Shortly after adopting this language I realized its parallels to the mental health community. “Sarah has Bipolar Disorder” versus “Sarah’s Bipolar” or “The psychiatrist says the man may have borderline personality disorder” versus “the man is borderline”. It’s essentially the use of “is” (defining) versus “has” (one descriptor).
Alright, now, where word impeccability gets personal is with the flippant use of the word “anxiety”.
When I was 13 years old, the summer before I went to high school, I went with my family to a sold out showing of a blockbuster. Every seat was filled and the movie was original, visually arresting and, for me, an absolute terror fest.
I was seated next to my mom right in the middle of a packed row mid-theater, ideal seats for most. Except I began to experience anxiety that I would not be able to quickly exit the situation. If I did, I’d upset people by making them have to stand up to let me by (this was long before recliners) and then upset them again by side-stepping back to my seat in front of their view. And then, what if I had to get up again?
Wait, is that an urge to pee? No, wait, I’m going to vomit. Yep, I’m certainly going to vomit and ruin this movie for everyone in seats around me.
My body became drenched in sweat despite the generously air-conditioned theater. I slipped around in my seat and gripped the arm rests. I began to panic, and my mom glanced over me and saw my white face. She had no idea what to do, and couldn’t open up a conversation in the middle of the movie to do a deep dive on what the hell was wrong. She asked me if I was okay, and I couldn’t even open my mouth to respond. If I did, I’d certainly vomit.
What if this is my last moment? Oh, god, I’m going to die in this movie theater. This is it.
My body turned rigid.
Isn’t this how a seizure begins? I’m going to die here in this velour seat with popcorn stuck to my sweat after I fall to the ground. I’m going to choke on my tongue. This is it. This is it.This is it.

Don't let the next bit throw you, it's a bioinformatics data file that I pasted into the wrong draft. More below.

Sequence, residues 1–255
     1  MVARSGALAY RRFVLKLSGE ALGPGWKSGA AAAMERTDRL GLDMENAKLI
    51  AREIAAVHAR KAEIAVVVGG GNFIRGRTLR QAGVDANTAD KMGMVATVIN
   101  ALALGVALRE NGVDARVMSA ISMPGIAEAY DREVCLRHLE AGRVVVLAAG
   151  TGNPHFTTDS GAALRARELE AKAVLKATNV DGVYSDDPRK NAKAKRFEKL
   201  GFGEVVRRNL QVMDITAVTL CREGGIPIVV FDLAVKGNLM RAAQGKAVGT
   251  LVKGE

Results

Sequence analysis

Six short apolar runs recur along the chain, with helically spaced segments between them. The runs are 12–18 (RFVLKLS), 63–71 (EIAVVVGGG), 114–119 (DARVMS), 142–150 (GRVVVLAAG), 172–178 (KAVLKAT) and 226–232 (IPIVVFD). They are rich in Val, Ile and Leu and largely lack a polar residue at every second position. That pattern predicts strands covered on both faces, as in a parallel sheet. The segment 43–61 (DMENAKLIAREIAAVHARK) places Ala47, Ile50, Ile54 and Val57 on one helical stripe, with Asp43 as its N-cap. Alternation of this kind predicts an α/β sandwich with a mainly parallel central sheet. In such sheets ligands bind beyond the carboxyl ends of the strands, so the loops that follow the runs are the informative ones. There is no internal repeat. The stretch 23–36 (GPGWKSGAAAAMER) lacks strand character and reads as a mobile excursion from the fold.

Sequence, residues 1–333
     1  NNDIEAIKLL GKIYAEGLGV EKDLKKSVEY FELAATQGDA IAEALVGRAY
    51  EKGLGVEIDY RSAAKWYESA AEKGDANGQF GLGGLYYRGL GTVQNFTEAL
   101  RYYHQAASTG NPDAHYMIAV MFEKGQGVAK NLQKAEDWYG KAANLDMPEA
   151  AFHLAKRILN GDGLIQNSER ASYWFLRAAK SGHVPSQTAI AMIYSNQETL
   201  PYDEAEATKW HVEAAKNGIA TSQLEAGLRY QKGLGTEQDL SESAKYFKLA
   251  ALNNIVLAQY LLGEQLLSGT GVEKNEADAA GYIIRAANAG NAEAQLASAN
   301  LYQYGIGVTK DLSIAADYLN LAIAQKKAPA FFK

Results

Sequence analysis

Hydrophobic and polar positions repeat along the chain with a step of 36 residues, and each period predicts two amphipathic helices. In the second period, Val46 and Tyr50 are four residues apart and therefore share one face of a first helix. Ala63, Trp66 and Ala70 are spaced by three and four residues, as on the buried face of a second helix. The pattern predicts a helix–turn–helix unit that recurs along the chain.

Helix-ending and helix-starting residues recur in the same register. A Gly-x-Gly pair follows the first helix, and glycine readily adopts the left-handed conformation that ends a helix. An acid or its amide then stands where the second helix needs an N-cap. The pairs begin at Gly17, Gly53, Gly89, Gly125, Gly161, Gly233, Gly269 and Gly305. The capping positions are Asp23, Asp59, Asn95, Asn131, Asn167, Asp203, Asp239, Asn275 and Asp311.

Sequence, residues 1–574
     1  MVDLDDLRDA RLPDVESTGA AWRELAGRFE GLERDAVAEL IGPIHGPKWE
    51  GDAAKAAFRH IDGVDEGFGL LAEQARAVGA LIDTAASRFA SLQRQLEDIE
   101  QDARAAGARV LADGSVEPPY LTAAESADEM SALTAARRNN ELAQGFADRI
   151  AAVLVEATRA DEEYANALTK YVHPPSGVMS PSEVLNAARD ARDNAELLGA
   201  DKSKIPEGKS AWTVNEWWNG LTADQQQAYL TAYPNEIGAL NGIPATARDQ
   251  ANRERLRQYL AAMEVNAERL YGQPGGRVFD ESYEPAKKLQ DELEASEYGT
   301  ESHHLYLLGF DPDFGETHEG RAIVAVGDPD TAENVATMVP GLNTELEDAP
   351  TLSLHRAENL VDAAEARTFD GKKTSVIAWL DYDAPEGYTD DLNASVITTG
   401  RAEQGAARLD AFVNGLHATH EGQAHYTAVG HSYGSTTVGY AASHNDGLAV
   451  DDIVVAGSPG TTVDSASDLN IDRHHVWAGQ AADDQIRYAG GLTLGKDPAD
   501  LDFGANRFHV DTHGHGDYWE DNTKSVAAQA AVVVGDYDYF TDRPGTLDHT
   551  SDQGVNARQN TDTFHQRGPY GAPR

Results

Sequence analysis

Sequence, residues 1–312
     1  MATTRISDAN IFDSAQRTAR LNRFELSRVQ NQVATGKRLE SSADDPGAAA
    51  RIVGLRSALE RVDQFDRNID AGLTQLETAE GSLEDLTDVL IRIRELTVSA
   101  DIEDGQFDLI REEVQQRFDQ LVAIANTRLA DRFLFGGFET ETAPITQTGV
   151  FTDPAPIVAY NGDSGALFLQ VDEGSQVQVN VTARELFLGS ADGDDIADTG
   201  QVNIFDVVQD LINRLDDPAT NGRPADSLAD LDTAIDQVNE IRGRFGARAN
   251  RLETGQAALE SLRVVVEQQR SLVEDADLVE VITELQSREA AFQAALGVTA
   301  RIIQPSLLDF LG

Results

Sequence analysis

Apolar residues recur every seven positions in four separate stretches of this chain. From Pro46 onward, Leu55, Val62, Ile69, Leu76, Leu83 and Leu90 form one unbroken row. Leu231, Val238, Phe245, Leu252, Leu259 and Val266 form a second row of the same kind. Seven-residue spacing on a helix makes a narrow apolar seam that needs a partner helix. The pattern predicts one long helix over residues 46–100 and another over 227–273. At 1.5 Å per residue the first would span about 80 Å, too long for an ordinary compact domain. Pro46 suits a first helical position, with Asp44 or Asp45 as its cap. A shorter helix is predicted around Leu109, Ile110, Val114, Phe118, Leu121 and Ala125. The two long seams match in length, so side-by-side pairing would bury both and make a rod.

My mom pulled papers out of her bag and began fanning me. She didn’t know what to do, either.
What was this?
I might as well not have been in a theater, because my thoughts were solely on survival. My thoughts had literally turned to death. When the fanning cooled me off, my heart began to slow, but the terror of leaving my seat made me stay in my seat until, finally, the movie ended. When the credits rolled people began to leave their seats, the bottoms springing back up to meet their seat backs with a thud, clearing the aisles. As they exited the theater, my body began to relax. I was physically exhausted and dazed as I walked out into the merciless sunlight. Instead of jabbering excitedly about a great movie, I was just working to get my body to the car.
On the way out I saw one of the “hottest” guys from school and we waved at each other. I gave him a weak smile. I was so relieved to be seeing him then instead of when I almost hurled in the theater. Don’t even get me started on dealing with undiagnosed mental illness in the throes of the social stressors of puberty…
People, that is a panic attack.
An anxiety attack is like a panic attack’s more reasonable cousin, as the former usually has an identifiable source. Panic attacks come out of nowhere and I’ve been absolutely plagued by both of these experiences since childhood.
It really upsets me when someone says they’re having anxiety and it doesn’t have anything to do with mental incapacitation. It downplays the experiences of people who truly have anxiety or panic disorders. It downplays the plight that trails me everywhere I go like some hungry, stray dog. It downplays true suffering and further hurts those afflicted.
Being anxious is a normal feeling fueled by cortisol that is a part of our survival mechanisms as humans. It comes and goes in appropriate situations, like job interviews or first dates. You can be anxious, but you’re not having anxiety. You’re not having an anxiety or panic attack.
You. Are. Simply. Anxious.
Someone who actually has anxiety is like their internal jug of cortisol gets dumped over in unsuspecting, often inopportune moments that deteriorate quality of life. In the 90s and 2000s I didn’t have language to describe what I was going through and felt completely isolated. Now that there’s common language for these disorders, people throw it around like a frisbee. Now, when I tell someone I have anxiety, it’s written off because “everyone” has it. That’s incorrect and, again, downplays the very real mental illness I suffer from.
It’s a blessing and a curse, really, the growing commonality of language pertaining to mental illness. While I’m glad people are able to talk more openly about their issues, others casually adopt the wording to describe every day feelings.
As I work hard to linguistically respect others with descriptors instead of definers, I wish to receive the same respect, myself. Please, work hard to respect people by using the correct wording. Everyone deserves that fundamental consideration.
I know this is going up the day before the 4th of July so, as Kevin G and the Power of Three would say after an aggressive performance, “Happy holidays, everybody!”